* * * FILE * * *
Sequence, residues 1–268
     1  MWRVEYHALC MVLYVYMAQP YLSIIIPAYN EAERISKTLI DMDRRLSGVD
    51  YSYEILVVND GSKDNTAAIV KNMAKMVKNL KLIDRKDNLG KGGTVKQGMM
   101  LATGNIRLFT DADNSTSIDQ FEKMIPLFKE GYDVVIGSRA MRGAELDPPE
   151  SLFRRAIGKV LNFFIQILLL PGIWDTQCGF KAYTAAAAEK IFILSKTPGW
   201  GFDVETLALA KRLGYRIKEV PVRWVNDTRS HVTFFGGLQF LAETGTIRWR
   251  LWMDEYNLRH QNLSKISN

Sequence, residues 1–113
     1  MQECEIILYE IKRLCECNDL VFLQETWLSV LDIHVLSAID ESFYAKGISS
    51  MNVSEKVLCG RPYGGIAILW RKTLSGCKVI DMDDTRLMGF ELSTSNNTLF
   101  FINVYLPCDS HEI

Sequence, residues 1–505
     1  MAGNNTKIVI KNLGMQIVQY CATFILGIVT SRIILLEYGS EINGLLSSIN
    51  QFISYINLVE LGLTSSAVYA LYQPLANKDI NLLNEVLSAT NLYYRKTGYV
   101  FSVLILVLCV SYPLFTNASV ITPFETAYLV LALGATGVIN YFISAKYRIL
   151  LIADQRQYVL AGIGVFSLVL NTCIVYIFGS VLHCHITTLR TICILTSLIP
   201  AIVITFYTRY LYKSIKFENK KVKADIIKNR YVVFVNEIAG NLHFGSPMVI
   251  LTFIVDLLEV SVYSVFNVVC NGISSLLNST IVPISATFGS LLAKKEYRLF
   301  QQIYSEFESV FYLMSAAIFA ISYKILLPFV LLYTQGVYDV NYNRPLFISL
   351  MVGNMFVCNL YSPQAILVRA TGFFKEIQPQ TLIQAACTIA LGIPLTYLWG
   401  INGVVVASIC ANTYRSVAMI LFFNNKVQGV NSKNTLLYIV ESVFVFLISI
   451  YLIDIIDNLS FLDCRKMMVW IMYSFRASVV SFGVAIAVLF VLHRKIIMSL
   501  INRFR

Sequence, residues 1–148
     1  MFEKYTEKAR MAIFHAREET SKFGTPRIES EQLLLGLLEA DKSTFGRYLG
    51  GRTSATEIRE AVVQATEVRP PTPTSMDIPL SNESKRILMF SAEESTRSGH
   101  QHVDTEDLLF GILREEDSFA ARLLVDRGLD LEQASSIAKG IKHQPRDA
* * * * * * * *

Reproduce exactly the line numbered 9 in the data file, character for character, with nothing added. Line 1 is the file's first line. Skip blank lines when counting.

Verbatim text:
     1  MQECEIILYE IKRLCECNDL VFLQETWLSV LDIHVLSAID ESFYAKGISS